Ocean County Press Release
TOMS RIVER – Ocean County officials are asking Gov. Murphy to request the power companies reimburse citizens for the cost of food spoiled as a result of lengthy power outages since Tropical Storm Isaias hit the area on Aug. 4.
"When power outages go on for days, we cannot expect our residents, especially our senior citizens to go without some kind of reimbursement for food lost as a result of no electricity," said Ocean County Freeholder Director Joseph H. Vicari, Chairman of Senior Services. "Many of our residents had stocked up on food because of the coronavirus pandemic and they are concerned about leaving their home to go to the food stores.
"Now all the additional money spent on the extra food is basically in the garbage and so many elderly people living on fixed incomes do not have the money to replace it," Vicari said. "We need the utility companies to step up and help out."
Food only last in a closed refrigerator for about 4 hours maybe 6 at best.
Vicari along with Freeholder Gerry P. Little, liaison to the Ocean County Health Department, addressed the issue with Gov. Murphy's staff earlier today.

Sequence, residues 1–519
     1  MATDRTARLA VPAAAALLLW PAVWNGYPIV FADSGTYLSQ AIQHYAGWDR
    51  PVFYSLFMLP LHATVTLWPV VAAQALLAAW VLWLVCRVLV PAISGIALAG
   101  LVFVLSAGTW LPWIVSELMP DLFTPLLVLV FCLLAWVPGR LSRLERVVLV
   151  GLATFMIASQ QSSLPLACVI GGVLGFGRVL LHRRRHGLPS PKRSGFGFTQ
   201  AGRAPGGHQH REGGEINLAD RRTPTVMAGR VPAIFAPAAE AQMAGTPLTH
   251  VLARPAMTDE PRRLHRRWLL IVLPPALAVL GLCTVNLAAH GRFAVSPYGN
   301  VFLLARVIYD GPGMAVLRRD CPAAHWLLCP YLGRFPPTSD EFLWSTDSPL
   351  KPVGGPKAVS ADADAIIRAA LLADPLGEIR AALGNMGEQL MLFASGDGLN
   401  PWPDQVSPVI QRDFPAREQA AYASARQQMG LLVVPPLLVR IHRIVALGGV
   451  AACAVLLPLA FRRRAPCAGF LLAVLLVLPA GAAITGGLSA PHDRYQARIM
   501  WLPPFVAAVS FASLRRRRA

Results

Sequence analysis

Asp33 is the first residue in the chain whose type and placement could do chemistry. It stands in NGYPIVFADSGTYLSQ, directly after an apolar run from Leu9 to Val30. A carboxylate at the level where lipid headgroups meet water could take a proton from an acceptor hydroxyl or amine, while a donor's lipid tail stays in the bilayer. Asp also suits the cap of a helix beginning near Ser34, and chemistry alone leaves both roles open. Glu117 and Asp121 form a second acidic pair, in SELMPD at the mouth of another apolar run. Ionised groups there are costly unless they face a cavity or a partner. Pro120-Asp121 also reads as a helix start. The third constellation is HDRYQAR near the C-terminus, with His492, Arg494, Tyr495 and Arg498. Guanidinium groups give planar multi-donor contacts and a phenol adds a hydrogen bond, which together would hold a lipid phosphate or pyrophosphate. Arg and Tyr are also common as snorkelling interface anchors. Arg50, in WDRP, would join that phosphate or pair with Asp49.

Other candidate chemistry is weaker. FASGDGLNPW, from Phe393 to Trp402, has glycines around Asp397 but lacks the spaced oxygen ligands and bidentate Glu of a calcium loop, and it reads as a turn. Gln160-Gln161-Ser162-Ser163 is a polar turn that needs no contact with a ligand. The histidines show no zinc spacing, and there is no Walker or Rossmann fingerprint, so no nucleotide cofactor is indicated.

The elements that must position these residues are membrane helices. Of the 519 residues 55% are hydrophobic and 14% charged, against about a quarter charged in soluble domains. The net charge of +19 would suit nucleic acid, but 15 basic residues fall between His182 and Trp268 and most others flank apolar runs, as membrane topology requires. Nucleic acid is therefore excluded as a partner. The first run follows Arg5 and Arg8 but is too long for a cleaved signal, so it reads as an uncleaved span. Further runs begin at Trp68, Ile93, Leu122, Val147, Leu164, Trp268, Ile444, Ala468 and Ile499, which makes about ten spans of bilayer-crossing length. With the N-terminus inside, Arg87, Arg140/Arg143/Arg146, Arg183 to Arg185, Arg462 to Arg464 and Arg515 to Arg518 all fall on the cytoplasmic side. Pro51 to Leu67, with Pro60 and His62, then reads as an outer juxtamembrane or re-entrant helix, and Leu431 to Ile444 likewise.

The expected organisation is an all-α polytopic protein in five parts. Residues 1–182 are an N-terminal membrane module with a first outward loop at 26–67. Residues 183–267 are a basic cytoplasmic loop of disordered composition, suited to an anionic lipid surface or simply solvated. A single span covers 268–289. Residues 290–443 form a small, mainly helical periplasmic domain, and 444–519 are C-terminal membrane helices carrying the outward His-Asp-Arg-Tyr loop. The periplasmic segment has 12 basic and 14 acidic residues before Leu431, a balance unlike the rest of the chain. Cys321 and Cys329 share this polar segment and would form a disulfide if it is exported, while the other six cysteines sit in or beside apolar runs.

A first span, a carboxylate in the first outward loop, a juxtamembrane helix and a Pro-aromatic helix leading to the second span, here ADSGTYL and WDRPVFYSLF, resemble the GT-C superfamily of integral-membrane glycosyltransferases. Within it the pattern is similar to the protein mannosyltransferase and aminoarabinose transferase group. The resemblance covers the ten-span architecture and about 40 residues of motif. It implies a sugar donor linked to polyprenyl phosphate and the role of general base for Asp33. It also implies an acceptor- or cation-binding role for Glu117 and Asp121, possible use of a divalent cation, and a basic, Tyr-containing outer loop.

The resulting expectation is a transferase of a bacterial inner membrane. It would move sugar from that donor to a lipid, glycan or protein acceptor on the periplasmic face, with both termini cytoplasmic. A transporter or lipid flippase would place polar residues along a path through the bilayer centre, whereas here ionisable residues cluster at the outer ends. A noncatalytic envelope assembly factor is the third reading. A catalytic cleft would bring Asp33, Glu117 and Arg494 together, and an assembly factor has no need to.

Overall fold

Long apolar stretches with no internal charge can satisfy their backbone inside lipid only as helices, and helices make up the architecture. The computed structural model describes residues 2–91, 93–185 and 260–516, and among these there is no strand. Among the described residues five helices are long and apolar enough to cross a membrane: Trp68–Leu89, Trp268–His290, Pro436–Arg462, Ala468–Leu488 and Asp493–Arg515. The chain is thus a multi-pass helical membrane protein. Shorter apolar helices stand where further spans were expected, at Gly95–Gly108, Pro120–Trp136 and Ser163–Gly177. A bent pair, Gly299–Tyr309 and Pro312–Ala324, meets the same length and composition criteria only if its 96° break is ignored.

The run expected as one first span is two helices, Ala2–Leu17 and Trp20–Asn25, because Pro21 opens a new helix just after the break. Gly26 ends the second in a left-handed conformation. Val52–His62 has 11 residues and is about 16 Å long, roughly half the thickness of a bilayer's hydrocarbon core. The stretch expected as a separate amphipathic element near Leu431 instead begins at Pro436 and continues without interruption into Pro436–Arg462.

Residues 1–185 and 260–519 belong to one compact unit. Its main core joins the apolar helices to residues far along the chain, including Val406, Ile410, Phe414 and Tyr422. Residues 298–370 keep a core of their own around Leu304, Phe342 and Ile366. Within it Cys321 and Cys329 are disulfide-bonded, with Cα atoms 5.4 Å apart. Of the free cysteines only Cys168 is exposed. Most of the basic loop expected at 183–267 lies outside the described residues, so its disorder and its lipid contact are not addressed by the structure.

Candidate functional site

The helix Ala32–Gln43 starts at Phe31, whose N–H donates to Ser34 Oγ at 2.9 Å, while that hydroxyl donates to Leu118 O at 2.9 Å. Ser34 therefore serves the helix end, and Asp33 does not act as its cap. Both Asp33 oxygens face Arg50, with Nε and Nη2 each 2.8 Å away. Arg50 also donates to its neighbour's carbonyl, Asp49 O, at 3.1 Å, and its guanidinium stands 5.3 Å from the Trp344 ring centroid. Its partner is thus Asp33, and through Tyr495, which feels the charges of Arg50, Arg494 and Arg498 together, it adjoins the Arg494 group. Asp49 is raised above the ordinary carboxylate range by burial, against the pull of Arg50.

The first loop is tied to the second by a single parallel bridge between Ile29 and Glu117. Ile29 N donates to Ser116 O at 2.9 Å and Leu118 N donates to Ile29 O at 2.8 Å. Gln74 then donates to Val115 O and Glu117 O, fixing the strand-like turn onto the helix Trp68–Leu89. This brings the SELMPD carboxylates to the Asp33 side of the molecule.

While power outages continue to be widespread across the state, more than 150,000 homes were without power following Tuesday's storm in Ocean County alone. Power is being restored gradually throughout the area. Electricity is provided to the majority of County residents through Jersey Central Power & Light Co. and Atlantic City Electric. Public Service Electric & Gas provides power to northern areas of the state.
"The hardship to so many of our residents is tremendous," Little said. "The utility companies are a business and like all businesses they face liabilities. They should be responsible for this.
"They should provide help in this hardship situation,," he said.
Little and Vicari are expected to write a letter to the Governor urging him to seek compensation for customers that lost food.
Vicari noted that in addition to purchasing greater amounts of food due to limiting going food shopping, consumers have seen an increase in the price paid for food.
"We understand how powerful storms can be," Vicari said. "But when power outages continue for days, our residents need to know they will get help from the companies they pay monthly for electricity."